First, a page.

This is book number 2 in the A Hawthorne and Horowitz Mystery series.
“I really love this series by Anthony Horowitz. The mystery behind the murders is so expertly plotted and layered that you could make a case for any suspect. In this book, a divorce lawyer is found dead in his home after being beaten over the head with a VERY expensive bottle of wine, and the number 182 is painted on his wall. When Private Investigator Daniel Hawthorne drives onto the set of Horowitz’s TV show shoot, Horowitz has no choice but to follow his lead and write about the case. As always, I’m anxiously awaiting the next in this series.”
— Nichole Cousins, White Birch Books, North Conway, NH
“Private investigator Daniel Hawthorne has a new case, so he tracks down Anthony Horowitz to be his sidekick and write up the notes for their three-book deal as he investigates. Richard Pryce, a highly sought-after divorce attorney known for both his well-publicized success and his strict ethics, was bludgeoned to death with an excessively expensive bottle of wine, a 1982 Chateau Lafite worth thousands — high-priced and odd murder weapon. By all accounts he was a prince of a guy, yet he was in a field riddled with high emotions and grudges. Hawthorne, the curmudgeonly detective, will get to the bottom of the case, and Horowitz will write a rip-snorting yarn exposing the guilty.”
— Deon Stonehouse, Sunriver Books & Music, Sunriver, OR
New York Times–bestselling author Anthony Horowitz and eccentric detective Daniel Hawthorne team up again in a new mystery, the sequel to the brilliantly inventive The Word Is Murder, to delve deep into the killing of a high-profile divorce lawyer and the death, only a day earlier, of his one-time friend.
“You shouldn’t be here. It’s too late . . . “
These, heard over the phone, were the last recorded words of successful celebrity-divorce lawyer Richard Pryce, found bludgeoned to death in his bachelor pad with a bottle of wine—a 1982 Chateau Lafite worth £3,000, to be precise.
Odd, considering he didn’t drink. Why this bottle? And why those words? And why was a three-digit number painted on the wall by the killer? And, most importantly, which of the man’s many, many enemies did the deed?
Baffled, the police are forced to bring in Private Investigator Daniel Hawthorne and his sidekick, the author Anthony, who’s really getting rather good at this murder investigation business.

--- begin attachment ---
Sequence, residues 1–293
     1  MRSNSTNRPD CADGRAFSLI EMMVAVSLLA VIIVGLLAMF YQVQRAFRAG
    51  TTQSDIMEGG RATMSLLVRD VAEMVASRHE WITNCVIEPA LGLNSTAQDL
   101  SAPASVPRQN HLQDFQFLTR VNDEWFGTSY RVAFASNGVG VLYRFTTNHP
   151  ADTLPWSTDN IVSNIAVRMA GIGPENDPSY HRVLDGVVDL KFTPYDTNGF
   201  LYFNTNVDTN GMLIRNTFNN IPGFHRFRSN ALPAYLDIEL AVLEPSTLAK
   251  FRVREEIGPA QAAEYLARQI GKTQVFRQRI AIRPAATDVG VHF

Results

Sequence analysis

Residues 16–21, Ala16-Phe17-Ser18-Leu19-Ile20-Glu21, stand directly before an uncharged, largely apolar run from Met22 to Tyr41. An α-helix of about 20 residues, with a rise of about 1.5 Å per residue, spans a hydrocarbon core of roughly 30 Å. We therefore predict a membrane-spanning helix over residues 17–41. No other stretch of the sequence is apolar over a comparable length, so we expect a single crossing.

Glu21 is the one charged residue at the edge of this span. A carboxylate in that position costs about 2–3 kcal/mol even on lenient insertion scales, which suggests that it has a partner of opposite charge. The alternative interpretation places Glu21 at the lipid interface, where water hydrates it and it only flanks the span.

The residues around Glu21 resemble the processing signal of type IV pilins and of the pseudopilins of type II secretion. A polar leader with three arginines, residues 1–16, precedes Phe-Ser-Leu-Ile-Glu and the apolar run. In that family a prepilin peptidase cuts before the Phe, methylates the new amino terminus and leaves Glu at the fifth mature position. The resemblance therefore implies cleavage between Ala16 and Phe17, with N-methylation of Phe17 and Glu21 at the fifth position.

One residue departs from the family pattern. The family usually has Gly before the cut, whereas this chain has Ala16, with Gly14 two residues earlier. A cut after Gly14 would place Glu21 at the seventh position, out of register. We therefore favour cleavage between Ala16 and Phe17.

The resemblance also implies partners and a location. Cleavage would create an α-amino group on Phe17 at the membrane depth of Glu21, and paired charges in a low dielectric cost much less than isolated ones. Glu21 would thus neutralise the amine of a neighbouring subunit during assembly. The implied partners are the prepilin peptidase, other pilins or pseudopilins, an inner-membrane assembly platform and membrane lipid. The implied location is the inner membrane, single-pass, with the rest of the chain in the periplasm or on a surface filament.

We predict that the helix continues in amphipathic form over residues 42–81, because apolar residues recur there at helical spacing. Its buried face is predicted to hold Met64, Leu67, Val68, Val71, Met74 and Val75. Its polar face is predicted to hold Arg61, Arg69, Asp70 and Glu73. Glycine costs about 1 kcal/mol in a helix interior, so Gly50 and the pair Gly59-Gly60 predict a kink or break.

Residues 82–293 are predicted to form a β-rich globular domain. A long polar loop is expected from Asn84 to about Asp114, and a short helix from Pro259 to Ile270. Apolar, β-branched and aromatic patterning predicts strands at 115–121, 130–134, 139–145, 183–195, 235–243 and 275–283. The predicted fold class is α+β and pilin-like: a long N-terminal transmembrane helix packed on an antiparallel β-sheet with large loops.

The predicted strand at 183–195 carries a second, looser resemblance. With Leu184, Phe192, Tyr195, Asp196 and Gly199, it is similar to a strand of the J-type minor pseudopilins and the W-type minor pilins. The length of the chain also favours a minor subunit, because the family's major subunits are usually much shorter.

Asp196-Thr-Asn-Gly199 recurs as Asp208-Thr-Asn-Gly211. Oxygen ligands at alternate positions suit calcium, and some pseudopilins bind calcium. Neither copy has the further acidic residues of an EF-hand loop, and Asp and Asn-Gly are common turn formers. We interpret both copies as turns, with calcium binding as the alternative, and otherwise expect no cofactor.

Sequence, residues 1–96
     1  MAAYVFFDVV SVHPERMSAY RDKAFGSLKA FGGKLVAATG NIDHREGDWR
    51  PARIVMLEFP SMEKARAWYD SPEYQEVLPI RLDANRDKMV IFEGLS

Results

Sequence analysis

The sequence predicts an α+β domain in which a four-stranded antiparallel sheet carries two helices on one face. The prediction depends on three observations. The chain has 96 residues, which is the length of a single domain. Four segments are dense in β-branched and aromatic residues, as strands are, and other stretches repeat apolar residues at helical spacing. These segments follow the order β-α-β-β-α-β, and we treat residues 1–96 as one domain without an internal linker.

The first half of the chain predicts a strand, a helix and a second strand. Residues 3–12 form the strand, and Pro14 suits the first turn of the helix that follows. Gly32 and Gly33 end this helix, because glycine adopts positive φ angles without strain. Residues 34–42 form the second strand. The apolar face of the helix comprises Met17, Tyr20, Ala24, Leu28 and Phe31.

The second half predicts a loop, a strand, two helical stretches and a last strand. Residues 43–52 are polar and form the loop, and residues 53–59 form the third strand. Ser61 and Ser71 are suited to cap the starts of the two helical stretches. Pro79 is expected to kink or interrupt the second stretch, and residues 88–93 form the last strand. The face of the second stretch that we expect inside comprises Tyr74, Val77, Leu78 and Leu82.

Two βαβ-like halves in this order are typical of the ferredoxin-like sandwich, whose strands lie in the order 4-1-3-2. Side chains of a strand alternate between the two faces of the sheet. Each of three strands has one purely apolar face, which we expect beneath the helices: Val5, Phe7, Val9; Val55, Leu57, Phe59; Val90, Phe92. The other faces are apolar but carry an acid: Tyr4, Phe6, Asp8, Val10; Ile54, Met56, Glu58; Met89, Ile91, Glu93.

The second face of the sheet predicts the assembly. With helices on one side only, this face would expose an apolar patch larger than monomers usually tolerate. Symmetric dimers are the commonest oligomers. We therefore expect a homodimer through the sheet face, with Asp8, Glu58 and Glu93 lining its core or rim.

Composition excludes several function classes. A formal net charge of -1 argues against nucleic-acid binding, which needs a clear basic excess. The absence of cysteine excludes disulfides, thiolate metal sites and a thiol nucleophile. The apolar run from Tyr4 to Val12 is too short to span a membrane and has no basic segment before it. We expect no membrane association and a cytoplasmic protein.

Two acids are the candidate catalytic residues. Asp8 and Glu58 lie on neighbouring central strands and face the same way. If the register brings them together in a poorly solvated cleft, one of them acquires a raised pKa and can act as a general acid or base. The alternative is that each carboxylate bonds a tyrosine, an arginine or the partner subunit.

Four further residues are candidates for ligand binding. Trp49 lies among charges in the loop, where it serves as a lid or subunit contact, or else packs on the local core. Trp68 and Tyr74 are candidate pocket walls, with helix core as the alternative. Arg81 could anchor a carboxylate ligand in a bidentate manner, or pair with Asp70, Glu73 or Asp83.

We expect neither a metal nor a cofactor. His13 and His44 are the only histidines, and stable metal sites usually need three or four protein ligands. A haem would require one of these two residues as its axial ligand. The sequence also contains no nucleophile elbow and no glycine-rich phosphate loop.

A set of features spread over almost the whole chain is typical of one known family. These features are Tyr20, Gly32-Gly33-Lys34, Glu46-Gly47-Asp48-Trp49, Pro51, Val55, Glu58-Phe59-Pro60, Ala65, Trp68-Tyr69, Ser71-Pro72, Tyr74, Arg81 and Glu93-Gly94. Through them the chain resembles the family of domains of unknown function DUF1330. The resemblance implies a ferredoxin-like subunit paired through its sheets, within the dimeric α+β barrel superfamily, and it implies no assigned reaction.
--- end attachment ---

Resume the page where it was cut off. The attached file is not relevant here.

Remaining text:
But as Hawthorne takes on the case with characteristic relish, it becomes clear that he, too, has secrets to hide. As our reluctant narrator becomes ever more embroiled in the case, he realizes that these secrets must be exposed—even at the risk of death . . .
ANTHONY HOROWITZ is the author of the US bestselling Magpie Murders and The Word is Murder, and one of the most prolific and successful writers in the English language; he may have committed more (fictional) murders than any other living author. His novel Trigger Mortis features original material from Ian Fleming. His most recent Sherlock Holmes novel, Moriarty, is a reader favorite; and his bestselling Alex Rider series for young adults has sold more than 19 million copies worldwide. As a TV screenwriter, he created both Midsomer Murders and the BAFTA-winning Foyle’s War on PBS. Horowitz regularly contributes to a wide variety of national newspapers and magazines, and in January 2014 was awarded an OBE.
“Fans of traditional puzzle mysteries will be enthralled.” — Publishers Weekly (starred review)
“Horowitz succeeds on all levels with book two in the Detective Daniel Hawthorne series . . . the overall voice of the series is fresh and original, Horowitz writing with the effortless élan that distinguishes all his work.” — Booklist
“Except for Jeffrey Deaver and Sophie Hannah, no one currently working the field has anywhere near this much ingenuity to burn.” — Kirkus Reviews
“The Sentence Is Death . . . may just be one of summer’s greatest, guiltiest pleasures . . . Pray for solitary confinement, because you’ll want to read this one straight through and uninterrupted.” — New York Journal of Books
“Horowitz mimics Golden Age authors (Christie, Allingham, Marsh, Sayers) so well in his books' scope and denouéments that fans of both puzzle and cozy mysteries will savor the balance of clues.” — NPR
“The Sentence Is Death is...fast-paced, lively ... there are twists and turns and unexpected developments. The fact-fiction blurring continues to the last page.” — Minneapolis Star Tribune
“Horowitz shows no signs of ceding the spotlight. He’s having too much fun and, as a result, so are his readers.” — Los Angeles Book Review